I have visited with my dad a couple of times this last year since my mother passed away. Since I grew up in this church, I can totally see the metamorphosis that has taken place...a community in change, bringing in new people of all cultures, and people (like my daddy) who will be there right on, no matter who attends. The congregation has taken on a whole new identity these days with a very diverse group of people, which I always believe makes things way more interesting. This establishment sits on prime property in a suburb not far outside Atlanta. The community, like the church, has gone through many changes. But the church still stands, and has a new commitment to remain standing there so close to a major interstate that the roar of traffic can be heard in the subdivisions neighboring the church on the highway. The traffic can also be heard quite loud and clear from the graveyard where my mother is buried across the street. I hope she doesn't mind, because my mom never liked a lot of noise. I'm sure 40 years ago when my parents purchased the plots in that cemetery, they never dreamed the traffic on that particular interstate would ever be what it is today. But such it is with time and change.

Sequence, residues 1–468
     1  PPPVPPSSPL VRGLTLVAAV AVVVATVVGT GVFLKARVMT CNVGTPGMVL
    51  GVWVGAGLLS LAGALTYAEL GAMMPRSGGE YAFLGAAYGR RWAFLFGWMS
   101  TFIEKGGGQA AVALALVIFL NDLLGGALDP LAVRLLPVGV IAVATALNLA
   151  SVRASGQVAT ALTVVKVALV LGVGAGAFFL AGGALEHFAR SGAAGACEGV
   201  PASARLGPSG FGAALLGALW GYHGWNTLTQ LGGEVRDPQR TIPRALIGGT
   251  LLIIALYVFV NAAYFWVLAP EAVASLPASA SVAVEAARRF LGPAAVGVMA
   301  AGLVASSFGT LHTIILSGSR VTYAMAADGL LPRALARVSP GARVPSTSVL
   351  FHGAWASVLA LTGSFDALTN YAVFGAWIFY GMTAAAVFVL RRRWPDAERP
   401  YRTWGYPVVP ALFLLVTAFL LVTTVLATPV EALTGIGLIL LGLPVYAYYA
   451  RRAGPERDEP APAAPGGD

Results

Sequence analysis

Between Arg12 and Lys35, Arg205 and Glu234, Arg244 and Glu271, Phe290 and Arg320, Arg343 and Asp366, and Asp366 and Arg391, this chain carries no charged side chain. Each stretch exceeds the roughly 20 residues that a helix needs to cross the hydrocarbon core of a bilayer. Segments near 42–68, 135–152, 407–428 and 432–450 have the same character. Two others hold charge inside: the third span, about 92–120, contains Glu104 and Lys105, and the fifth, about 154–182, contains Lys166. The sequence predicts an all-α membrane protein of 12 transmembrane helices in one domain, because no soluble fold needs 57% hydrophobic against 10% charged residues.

It has always been a mystery to me that sometimes when a community changes and the area around the church is no longer filled with the people who once lived there but has taken on a whole new identity with people of many different cultures who have moved in, why it's necessary that the church moves. We have seen this happen many, many times over the years. A church serves a community for a long time, and when the community changes, the original congregation is out of there. They announce that the church will be moving to higher ground. And it always seems that the moving of a congregation contributes to decline in the neighborhhood and, once again, the community is hit with change from which it may never rebound. So I commend this church for its choice to remain steadfast when so many others fly the coop. It has suffered through many devastating setbacks, but it has remained a beacon in that community and, for that, I offer kudos to this church because, after all, isn't that what a church should be all about, the community that it serves along with the good, the bad, and the ugly that come along with it?